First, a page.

As if confirmation that the job market continues to be stuck in first gear was not enough, we also learned that prospects in the euro zone and China also point toward slower activity ahead. In tandem with the announcement of its MOT program, the ECB also cut its growth forecast and raised its inflation expectations. Three months ago, the central bank forecasted growth between -0.5% and -0.3% for this year and 0 to 2.0% in 2013. Based on continued weakness, the ECB now sees gross domestic product for this year falling between 0.6% and 0.2%, with expectations for 2013 ranging between -0.5% and 1.4%. In terms of the bank’s revised inflation expectations, prices are seen ticking up even more so this year and next year than it had expected just a few months ago, which likely reflects higher food and energy costs.

Over the weekend, we learned that China’s industrial output grew the least in more than three years during August. China’s economic growth has slowed for six straight quarters and many expect the trend to extend to a seventh quarter when third quarter GDP data for 2012 is published. As a frame of reference in 2Q 2012, China’s GDP was 7.6%, its slackest in more than three years. Recent data suggests that growth for full year 2012 will be its lowest since 1999 and may fall below 8%.

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With the Federal Reserve holding its next policy meeting this week, the market will be watching to see if the Fed eases further and, if so, how it intends to do so. As the saying goes, the devil is in the details. As we have seen in the past, these events more often than not tend to be “buy the rumor, sell the news.”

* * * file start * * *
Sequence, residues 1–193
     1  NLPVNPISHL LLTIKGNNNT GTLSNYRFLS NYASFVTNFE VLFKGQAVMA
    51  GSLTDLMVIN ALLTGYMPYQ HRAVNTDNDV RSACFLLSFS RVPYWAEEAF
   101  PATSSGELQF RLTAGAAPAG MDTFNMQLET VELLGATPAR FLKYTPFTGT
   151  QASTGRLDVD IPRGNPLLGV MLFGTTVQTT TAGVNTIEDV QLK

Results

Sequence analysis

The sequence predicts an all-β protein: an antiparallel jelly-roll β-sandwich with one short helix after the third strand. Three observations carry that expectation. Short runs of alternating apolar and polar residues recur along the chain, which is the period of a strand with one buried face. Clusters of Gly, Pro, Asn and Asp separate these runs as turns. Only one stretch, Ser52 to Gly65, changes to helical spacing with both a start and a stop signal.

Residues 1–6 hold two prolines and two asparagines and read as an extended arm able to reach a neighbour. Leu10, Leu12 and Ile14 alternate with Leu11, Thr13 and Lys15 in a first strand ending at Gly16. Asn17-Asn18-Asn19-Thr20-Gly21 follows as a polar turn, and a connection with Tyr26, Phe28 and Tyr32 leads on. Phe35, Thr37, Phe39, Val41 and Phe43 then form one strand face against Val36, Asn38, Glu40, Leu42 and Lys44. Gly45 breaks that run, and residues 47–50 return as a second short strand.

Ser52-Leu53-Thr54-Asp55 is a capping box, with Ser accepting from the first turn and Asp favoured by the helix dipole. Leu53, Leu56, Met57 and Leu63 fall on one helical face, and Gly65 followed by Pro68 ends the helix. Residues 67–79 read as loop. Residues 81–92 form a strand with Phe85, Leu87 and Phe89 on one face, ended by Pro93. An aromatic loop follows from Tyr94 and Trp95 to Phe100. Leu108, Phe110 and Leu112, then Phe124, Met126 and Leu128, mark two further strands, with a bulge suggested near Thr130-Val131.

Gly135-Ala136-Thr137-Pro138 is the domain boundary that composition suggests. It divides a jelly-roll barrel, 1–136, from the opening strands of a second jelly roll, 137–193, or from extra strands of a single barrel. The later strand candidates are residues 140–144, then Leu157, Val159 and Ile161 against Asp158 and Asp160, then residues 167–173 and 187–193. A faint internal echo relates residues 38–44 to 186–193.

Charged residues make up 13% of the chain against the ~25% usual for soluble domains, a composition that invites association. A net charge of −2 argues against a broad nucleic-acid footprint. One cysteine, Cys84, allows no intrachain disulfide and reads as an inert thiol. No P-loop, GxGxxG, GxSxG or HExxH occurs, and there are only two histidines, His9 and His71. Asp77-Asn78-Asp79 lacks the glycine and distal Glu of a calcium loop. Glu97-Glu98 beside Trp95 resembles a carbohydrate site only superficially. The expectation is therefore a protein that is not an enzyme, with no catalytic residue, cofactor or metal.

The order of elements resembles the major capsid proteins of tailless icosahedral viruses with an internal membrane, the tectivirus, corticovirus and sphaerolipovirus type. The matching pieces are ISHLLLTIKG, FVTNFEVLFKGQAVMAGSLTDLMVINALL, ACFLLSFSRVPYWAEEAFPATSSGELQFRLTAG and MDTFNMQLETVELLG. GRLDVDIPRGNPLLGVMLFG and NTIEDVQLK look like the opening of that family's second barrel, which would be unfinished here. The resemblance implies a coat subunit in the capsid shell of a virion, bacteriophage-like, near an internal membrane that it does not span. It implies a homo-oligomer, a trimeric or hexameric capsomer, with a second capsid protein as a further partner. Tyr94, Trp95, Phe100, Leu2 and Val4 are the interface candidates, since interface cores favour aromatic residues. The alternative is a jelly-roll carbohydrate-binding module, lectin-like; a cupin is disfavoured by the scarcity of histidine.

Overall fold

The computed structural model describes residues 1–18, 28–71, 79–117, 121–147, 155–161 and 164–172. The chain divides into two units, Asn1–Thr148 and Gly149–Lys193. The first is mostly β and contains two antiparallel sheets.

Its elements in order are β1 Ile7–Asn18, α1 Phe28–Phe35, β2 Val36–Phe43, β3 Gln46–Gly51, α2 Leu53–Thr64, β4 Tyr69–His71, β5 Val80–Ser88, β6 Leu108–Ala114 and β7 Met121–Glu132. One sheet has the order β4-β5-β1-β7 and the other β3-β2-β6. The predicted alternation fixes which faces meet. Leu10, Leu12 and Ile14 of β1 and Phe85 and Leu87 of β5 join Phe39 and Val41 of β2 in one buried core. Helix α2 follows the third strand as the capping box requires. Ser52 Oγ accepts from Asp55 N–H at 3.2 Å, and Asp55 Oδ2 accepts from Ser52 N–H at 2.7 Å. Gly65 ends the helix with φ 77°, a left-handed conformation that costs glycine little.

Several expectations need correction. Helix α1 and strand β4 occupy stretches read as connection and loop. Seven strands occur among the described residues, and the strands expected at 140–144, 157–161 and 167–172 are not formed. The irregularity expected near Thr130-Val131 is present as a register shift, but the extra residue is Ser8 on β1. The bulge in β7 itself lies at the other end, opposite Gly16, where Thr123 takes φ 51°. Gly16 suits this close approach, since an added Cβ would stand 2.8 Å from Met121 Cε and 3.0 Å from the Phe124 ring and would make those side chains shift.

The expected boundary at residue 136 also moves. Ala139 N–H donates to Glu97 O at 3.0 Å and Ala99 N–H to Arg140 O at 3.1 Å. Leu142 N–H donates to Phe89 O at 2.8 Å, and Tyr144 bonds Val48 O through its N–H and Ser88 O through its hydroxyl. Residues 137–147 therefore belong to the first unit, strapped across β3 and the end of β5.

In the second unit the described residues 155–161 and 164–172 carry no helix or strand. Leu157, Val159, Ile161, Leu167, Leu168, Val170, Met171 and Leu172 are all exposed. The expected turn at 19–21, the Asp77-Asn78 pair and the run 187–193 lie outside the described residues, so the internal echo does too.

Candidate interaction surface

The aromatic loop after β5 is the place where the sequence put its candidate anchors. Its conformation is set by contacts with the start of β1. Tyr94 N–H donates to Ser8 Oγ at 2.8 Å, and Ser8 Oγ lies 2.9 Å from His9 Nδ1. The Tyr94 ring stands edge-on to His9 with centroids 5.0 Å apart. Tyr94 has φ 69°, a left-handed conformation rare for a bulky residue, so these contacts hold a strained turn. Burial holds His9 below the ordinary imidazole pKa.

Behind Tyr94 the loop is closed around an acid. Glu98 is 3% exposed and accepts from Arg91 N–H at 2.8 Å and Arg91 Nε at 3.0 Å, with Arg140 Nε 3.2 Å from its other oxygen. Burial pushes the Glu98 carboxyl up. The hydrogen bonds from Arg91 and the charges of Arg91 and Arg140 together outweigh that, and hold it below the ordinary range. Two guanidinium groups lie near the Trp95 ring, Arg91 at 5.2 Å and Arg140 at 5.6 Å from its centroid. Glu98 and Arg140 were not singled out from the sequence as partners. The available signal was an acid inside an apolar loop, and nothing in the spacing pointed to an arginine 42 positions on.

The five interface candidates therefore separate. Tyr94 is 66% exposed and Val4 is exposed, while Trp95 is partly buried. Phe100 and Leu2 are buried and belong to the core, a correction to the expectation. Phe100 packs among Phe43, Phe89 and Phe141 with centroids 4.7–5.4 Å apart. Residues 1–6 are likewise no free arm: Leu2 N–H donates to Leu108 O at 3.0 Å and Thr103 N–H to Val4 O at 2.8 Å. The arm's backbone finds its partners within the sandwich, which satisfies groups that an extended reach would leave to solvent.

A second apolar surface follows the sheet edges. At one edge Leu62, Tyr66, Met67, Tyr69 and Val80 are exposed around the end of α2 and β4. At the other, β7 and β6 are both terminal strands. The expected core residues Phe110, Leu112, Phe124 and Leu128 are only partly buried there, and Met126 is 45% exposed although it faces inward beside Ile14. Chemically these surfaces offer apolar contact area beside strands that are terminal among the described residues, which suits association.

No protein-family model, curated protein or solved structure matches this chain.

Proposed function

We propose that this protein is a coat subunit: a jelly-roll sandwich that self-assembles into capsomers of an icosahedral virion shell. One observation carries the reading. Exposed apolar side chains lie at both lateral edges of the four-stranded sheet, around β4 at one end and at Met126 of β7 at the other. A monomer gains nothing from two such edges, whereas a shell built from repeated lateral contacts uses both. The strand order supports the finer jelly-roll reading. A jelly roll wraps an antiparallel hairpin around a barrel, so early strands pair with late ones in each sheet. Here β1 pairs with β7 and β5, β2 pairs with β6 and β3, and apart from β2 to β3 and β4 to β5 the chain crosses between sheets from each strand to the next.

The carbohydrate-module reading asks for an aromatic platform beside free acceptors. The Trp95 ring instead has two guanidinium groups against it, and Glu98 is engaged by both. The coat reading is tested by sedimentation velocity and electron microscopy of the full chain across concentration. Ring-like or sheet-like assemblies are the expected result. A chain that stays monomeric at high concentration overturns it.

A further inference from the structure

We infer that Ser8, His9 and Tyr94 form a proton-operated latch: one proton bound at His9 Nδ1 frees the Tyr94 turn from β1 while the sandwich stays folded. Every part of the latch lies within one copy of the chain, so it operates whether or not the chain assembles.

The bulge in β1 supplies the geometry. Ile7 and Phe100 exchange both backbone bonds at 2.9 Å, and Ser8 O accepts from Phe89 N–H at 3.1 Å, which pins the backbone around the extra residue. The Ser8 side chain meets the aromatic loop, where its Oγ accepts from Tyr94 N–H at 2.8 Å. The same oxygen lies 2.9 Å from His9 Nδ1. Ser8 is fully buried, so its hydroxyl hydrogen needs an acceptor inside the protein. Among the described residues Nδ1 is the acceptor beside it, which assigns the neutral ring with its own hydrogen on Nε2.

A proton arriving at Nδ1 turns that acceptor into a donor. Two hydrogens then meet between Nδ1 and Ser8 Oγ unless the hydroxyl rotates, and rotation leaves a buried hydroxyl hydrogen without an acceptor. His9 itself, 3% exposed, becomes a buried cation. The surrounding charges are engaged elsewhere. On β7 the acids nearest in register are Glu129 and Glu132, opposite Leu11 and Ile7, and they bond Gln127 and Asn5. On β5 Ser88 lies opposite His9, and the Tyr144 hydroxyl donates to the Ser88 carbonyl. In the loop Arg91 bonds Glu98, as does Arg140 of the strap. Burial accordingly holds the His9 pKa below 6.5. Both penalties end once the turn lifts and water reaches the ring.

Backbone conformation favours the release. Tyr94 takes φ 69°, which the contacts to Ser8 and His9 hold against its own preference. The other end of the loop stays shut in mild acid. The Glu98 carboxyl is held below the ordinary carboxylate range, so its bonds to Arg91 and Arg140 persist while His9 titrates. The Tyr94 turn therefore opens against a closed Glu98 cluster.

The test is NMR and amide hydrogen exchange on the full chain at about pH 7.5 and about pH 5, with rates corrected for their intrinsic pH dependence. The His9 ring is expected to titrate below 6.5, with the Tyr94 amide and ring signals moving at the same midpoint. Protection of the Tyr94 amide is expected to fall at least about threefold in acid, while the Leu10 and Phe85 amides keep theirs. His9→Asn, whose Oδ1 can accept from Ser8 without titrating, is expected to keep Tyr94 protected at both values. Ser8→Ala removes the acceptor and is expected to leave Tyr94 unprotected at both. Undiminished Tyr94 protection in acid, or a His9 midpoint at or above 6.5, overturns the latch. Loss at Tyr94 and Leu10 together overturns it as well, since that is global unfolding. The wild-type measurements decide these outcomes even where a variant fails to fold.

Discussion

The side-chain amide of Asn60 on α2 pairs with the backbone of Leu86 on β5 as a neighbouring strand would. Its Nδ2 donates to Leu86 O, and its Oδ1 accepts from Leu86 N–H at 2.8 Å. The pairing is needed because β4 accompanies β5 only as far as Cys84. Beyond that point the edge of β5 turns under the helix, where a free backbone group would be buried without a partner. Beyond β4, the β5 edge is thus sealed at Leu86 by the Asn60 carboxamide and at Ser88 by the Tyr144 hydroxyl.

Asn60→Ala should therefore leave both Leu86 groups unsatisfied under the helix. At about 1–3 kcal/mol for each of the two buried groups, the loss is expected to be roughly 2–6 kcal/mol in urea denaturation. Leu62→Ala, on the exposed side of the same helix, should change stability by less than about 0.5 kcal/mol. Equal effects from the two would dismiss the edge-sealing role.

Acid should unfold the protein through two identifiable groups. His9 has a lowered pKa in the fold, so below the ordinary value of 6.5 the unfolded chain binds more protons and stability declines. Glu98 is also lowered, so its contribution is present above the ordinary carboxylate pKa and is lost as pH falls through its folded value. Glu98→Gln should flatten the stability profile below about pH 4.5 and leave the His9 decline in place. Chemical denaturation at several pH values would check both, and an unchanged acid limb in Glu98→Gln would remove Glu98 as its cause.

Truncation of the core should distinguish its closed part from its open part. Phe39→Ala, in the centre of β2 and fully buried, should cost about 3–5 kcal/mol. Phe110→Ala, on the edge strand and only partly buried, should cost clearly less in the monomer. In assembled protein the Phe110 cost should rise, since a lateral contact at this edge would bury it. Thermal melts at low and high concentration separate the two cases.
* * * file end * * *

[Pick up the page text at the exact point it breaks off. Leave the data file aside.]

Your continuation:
I continue to think the next several weeks in the market will remain volatile. As such, we’ll continue to position the PowerTrend Profits portfolio, accordingly.

Buckle up.

Sincerely,

Chris Versace
Editor, PowerTrend Brief

The Week Ahead

After a flurry of data late last week, this week starts off slowly and builds with six major economic data items coming this Friday. Those releases, which include August reads on retail sales, inflation, and industrial production, follow the Fed’s interest rate decision that is expected on Thursday (Sept. 13). As I mentioned above, the stock market will be waiting with baited breadth to see if the Fed will, indeed, further stimulate the economy, given sluggish job creation. With corporate earnings season essentially over for now, the Fed, and whatever action it takes, will be center stage this week.

Here’s a more granular look at what’s on tap this week:

Monday, Sept. 10
Consumer Credit (July)
Five Below, Inc. (FIVE)
Palo Alto Networks (PANW)
Shuffle Master Inc. (SHFL)

Tuesday, Sept. 11
Casey’s General Store (CASY)

Wednesday, Sept. 12
MBA Mortgage Index (Weekly)

Thursday, Sept. 13
Initial and Continuing Jobless Claims (Weekly)
Producer Price Index (August)
FOMC Rate Decision (September)
Treasury Budget (August)
K12, Inc. (LRN)
Pier 1 Imports (PIR)

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Friday, Sept. 14
Retail Sales (August)
Consumer Price Index (August)
Industrial Production (August)
Capacity Utilization (August)
Michigan Sentiment Index (September)
Business Inventories (July)